Having been in the hunt industry for the majority of my life I know what we watch on television and read in magazines often is misrepresented. I have had celebrity hunters beg to shoot footage of domesticated trophy bucks in a 10 acre fence and ask me to represent them as their whitetail outfitter on the Outdoor Channel pretending we were in the wild. Each time I have declined. Once I declined such an opportunity and I will never forget the hunt celebrity saying to me, “Boy this isn’t the hunt industry this is the entertainment industry.” Not all Hunting Shows and Hunting Celebrities are fake but don’t think for a second that everything we are seeing in the modern age of whitetail hunting is real. Just last week on Outdoor Television I watched one of the biggest names in the hunt industry claim to have patterned and shot a huge whitetail but what he didn’t do was edit his footage well enough, as in the scene before the shooting of the animal a tag was in his ear by accident. Tags are placed in the ears of animals in high fences. I only wish I could name this person and the episode without fear of a lawsuit.
Dangers of Hunting One Particular Buck
There are many dangers to dedicating one’s season to the harvest of one specific whitetail buck you may have gotten a photo or glimpse of on your hunt property. There are a number of reasons why it’s a poor choice for most whitetail hunters to pursue one buck in particular.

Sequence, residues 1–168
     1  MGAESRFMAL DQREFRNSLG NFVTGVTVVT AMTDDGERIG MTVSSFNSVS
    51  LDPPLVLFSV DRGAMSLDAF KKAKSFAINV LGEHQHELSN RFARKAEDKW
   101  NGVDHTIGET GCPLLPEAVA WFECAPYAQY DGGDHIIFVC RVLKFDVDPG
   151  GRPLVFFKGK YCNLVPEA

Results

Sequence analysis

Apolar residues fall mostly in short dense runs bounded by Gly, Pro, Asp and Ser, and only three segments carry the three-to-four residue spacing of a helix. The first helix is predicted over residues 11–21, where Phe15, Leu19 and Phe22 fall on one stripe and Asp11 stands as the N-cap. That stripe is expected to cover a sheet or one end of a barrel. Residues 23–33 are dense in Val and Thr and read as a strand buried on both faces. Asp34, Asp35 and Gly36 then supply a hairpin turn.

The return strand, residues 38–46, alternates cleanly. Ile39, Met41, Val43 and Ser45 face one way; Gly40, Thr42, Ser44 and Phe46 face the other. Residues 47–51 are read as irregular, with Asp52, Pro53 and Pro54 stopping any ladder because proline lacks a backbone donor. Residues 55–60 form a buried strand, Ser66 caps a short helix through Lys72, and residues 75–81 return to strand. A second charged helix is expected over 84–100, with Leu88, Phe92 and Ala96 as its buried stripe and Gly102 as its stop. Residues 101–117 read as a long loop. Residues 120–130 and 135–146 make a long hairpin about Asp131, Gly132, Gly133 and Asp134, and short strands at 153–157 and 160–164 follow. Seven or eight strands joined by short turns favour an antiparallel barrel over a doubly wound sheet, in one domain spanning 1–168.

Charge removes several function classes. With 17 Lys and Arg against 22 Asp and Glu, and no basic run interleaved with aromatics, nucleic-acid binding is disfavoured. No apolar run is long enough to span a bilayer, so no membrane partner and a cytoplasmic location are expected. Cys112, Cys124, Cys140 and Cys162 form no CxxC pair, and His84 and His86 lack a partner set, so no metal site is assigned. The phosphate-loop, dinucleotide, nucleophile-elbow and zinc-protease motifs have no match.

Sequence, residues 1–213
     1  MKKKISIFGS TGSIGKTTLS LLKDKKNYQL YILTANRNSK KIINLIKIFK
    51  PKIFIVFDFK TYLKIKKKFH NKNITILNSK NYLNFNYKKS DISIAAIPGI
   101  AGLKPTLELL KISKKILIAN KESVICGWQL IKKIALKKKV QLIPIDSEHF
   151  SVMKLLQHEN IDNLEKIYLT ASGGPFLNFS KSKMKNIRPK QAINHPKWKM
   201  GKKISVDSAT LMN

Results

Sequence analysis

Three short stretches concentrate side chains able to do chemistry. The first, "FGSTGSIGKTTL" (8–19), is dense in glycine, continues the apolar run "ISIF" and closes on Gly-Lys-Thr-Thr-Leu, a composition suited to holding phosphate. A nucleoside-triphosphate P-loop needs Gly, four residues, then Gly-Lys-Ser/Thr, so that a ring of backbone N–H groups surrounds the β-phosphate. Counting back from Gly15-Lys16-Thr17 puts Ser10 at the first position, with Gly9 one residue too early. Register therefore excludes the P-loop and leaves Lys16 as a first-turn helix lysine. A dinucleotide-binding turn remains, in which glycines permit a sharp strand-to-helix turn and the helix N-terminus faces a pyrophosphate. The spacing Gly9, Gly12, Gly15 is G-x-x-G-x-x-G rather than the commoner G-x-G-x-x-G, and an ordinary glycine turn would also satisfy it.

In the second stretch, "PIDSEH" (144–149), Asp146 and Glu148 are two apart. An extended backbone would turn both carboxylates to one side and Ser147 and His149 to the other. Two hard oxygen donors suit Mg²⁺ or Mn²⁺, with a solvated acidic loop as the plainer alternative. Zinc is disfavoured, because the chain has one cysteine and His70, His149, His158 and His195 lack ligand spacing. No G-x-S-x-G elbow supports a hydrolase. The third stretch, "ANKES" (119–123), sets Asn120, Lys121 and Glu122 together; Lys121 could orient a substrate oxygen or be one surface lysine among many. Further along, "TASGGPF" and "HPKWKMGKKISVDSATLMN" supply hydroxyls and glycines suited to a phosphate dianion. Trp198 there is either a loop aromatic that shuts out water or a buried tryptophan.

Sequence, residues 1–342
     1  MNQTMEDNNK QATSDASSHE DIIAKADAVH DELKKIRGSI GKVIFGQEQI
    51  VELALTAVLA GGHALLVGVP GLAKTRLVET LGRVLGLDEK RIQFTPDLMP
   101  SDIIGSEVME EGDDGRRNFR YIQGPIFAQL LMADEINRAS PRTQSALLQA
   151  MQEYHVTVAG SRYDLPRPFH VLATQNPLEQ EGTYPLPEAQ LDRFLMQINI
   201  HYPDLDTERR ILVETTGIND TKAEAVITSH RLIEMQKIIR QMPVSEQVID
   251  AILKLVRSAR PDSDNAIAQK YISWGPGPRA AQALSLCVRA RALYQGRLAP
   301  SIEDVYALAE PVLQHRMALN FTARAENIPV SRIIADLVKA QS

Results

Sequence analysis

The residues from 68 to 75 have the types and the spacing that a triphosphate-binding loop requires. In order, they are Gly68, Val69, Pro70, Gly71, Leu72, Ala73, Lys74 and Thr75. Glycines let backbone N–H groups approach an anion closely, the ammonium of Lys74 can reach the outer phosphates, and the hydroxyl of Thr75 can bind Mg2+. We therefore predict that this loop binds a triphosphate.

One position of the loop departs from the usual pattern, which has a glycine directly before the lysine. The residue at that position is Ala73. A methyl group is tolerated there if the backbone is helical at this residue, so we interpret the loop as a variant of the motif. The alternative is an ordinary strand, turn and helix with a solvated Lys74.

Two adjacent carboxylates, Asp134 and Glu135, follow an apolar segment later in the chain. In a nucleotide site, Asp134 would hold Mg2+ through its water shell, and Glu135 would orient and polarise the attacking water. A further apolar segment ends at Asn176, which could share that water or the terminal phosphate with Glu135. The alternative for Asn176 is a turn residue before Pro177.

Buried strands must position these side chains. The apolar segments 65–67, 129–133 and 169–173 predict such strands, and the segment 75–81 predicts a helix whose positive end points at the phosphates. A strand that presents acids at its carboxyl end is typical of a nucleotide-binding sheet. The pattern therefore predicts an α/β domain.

Whitetail bucks can be very predictable during the off season. My belief how incredibly insane it may seem is that mature deer know when it’s hunting season and when its not. Let us assume they don’t have this ability to reason. We can at least assume during the hunt season more human activity occurs in the woods alerting whitetails to danger, thereby sending them into safe zones or unhunted areas or turning big bucks nocturnal. This means you can be watching a world class whitetail buck throughout the summer months but upon entrance to harvest the animal have a very slim chance at taking that one specific buck you want.
During the rut it is a scientific fact that a buck may travel up to 9 miles during the rut in a single day. That monster buck you’ve lost sleep over all year long may be on your hunt location one day and 9 miles away the next, never to return again.
The very buck your hunting could already have been harvested by another hunter or been killed by predators, car wrecks, or natural causes. Throughout the summer months I had an Iowa landowner phoning me every week telling me of two non typical Boone and Crockett Bucks that were crossing the road from one farm to the next. He even told me where to sit the stand for the client upon the beginning of the Iowa Deer Season. A couple days ago I received a call from the same landowner who called to tell me that one of the deer was killed by a truck. It made me sick. Had I not known I wonder how many clients would have begged to sit that farm waiting for a buck that didn’t exist.